Quarterfinals: Na Li over Dominika Cibulkova; Sloane Stephens over Maria Sharapova; Victoria Azarenka over Eugenie Bouchard; Caroline Wozniacki over Agnieszka Radwanska
Semifinals: Na Li over Sloane Stephens; Victoria Azarenka over Caroline Wozniacki
Final: Victoria Azarenka over Na Li
***See the main draw here.
Doesn’t it feel like this year, the ATP World Tour may be more open than any other in the previous decade? This sure should help the accuracy of previews like this one, only the exact opposite.
The Great Golden Odyssey starts now for Rafael Nadal, as he must defend no fewer than 10,110 of his 14,085 points to defend between now and the U.S. Open. (And you thought you had it rough!) To make matters worse, the powers that be dealt him a fairly rough draw here, with Andy Murray, Roger Federer and Stanislas Wawrinka all in his portion. It’s not fair, but it doesn’t have to be. To reach the quarterfinals against Murray however, the Spaniard could play right-handed and still be fine.
I know that “Crazy” Stan has won the Australian Open and that he’s been playing as well as anyone for about six months, but it still feels weird to see a  next to his name in the main draw of a relatively large tournament, which this BNP Paribas Open certainly is. Likewise, a  seems a bit harsh for the way that Federer is currently playing. While the tour isn’t King Roger’s kingdom anymore, I think he’ll get to prove he’s still top dog in Switzerland in an all-Swiss quarterfinal. (Please, tennis gods, make this happen. I don’t ever ask you for much.)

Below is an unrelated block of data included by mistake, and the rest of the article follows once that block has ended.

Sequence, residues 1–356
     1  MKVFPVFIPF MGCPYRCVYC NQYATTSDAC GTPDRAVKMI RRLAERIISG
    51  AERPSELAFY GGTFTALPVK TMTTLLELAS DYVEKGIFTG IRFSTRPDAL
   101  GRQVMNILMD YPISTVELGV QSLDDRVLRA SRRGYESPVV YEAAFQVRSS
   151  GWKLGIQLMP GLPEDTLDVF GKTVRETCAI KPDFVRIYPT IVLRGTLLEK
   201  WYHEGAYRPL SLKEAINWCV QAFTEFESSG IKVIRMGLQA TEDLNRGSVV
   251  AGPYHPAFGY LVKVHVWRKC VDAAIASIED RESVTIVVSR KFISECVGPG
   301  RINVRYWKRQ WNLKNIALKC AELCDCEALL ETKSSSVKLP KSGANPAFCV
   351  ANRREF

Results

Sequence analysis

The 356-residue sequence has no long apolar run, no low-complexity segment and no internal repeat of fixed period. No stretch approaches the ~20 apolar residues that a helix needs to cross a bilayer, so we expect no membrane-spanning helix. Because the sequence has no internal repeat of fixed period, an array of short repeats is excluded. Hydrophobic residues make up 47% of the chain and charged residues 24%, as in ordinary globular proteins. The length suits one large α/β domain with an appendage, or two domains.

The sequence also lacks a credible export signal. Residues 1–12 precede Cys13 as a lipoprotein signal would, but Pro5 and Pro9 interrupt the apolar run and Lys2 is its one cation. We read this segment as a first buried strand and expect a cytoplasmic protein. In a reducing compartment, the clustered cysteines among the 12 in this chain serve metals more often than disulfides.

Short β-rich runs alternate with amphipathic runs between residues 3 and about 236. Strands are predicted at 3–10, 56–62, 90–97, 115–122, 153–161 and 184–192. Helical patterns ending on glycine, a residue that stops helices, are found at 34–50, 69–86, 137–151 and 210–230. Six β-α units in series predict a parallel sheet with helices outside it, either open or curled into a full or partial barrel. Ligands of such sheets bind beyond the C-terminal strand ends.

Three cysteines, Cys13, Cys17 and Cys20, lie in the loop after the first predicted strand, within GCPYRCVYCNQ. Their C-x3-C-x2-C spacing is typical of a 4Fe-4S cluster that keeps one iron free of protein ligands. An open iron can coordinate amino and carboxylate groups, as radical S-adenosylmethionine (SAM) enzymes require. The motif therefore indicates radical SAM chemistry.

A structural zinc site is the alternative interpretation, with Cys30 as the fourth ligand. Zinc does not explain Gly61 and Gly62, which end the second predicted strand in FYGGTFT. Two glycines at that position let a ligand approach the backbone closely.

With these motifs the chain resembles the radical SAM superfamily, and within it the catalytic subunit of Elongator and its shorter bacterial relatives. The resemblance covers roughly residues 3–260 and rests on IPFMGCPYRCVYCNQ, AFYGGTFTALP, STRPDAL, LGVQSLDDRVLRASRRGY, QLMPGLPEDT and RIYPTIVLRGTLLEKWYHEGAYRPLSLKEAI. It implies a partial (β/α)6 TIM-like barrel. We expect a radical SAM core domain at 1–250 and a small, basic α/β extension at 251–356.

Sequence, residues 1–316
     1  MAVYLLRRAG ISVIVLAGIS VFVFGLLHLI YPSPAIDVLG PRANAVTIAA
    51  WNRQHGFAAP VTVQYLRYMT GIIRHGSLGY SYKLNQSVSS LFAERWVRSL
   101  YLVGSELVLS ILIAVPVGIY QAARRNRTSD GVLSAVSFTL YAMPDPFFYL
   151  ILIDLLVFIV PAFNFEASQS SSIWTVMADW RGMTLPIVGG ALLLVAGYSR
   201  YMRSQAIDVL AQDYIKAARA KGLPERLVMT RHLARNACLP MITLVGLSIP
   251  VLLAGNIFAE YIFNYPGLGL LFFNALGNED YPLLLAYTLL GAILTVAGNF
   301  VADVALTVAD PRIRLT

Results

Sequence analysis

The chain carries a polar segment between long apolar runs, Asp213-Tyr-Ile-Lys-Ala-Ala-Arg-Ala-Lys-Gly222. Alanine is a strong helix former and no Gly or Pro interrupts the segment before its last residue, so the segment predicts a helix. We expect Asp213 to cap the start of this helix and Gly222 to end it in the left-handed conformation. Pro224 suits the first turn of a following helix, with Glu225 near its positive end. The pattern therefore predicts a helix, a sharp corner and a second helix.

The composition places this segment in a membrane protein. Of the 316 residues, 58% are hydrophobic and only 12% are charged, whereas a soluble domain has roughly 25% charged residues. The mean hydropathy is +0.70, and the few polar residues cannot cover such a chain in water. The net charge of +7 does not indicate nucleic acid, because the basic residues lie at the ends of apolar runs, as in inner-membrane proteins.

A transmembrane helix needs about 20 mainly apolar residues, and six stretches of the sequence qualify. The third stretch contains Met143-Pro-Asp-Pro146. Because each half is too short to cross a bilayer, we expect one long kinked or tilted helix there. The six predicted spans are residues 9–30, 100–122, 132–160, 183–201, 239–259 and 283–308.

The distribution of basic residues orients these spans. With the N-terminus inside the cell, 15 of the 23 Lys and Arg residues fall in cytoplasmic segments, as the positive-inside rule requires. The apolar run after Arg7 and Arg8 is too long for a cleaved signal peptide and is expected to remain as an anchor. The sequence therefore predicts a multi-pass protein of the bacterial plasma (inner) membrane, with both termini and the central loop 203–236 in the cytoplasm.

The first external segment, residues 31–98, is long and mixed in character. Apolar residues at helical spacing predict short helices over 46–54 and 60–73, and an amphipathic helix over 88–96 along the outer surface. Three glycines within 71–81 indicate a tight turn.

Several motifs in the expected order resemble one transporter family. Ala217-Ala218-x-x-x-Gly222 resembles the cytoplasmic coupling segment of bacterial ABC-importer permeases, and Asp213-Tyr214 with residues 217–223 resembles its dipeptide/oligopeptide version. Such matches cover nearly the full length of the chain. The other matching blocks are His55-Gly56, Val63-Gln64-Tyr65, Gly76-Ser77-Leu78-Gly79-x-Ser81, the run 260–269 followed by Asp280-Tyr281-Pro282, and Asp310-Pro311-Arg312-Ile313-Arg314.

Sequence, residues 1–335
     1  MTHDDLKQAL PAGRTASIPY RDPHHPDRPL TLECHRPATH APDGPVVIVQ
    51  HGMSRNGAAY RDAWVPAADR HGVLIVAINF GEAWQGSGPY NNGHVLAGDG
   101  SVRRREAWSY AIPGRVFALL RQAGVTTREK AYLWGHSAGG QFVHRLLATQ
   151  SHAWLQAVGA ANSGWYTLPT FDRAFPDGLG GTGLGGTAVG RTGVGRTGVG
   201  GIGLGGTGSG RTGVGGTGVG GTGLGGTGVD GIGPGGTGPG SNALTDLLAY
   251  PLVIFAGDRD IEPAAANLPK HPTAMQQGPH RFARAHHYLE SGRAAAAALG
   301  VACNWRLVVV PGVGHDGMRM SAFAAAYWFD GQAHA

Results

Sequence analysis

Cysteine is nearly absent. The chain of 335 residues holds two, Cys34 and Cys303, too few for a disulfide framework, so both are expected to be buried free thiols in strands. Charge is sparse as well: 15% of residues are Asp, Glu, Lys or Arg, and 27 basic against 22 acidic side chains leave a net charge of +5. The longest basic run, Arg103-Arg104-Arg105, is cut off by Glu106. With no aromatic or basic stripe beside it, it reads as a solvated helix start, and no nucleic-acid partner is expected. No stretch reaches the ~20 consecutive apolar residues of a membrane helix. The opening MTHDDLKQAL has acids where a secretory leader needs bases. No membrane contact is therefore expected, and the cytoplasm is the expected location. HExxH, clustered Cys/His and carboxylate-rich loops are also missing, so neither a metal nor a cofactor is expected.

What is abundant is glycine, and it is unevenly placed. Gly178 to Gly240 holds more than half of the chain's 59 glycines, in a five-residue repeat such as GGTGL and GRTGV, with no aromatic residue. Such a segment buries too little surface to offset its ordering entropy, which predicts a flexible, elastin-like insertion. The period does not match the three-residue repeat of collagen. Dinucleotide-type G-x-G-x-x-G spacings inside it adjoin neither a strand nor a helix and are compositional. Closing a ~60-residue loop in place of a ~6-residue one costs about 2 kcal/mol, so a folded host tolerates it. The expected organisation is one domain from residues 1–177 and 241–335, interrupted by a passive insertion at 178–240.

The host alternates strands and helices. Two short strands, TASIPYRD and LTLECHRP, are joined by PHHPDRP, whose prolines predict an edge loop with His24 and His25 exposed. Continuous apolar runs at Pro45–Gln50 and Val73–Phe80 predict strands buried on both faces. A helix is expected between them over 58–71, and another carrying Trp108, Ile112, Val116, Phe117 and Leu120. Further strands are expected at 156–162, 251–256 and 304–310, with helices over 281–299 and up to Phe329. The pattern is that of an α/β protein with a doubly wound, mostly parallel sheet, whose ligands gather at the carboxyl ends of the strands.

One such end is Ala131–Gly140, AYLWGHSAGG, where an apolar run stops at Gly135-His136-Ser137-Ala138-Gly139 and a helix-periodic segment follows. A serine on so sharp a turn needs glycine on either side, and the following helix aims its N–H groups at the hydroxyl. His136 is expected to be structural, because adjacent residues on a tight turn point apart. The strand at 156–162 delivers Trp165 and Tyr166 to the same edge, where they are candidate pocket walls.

The third quarter of this main draw is a weird one, and it’s usually these conditions that allow for a random “Wait, it’s a quarterfinal between Ernests Gulbis and Grigor Dimitrov? How did we get here?” realization from the tennis fan. Alas, we will not get there, the two players slated to meet in the third round. I say this quarter is weird, because there isn’t one player I am confident in predicting a Final 8 berth. Could it be Richard Gasquet or Philipp Kohlschreiber? Sure, why not? I could see Dimitrov or Fernando Verdasco also making it—so instead I’ll predict good things for Tomas Berdych and Dimitrov. But I don’t feel good about it!
I have two things to say about this portion. First, it’s a ridiculously easy draw, on paper, for Novak Djokovic. Before the quarterfinals, he will likely play against three players against whom he has a career 14-1 record in Victor Hanescu, Ivan Dodig and Tommy Robredo. Also, the match between Canadian wunderkind Vasek Pospisil and Juan Martin Del Potro deserves better than the third round. It’s a shame.
Quarterfinals: Rafael Nadal over Milos Raonic; Roger Federer over Stanislas Warinka; Grigor Dimitrov over Tomas Berdych; Novak Djokovic over Jo-Wilfried Tsonga
Semifinals: Rafael Nadal over Roger Federer; Novak Djokovic over Grigor Dimitrov
Final: Novak Djokovic over Rafael Nadal
***See the main draw here.
Follow Charles Blouin-Gascon on Twitter @RealCBG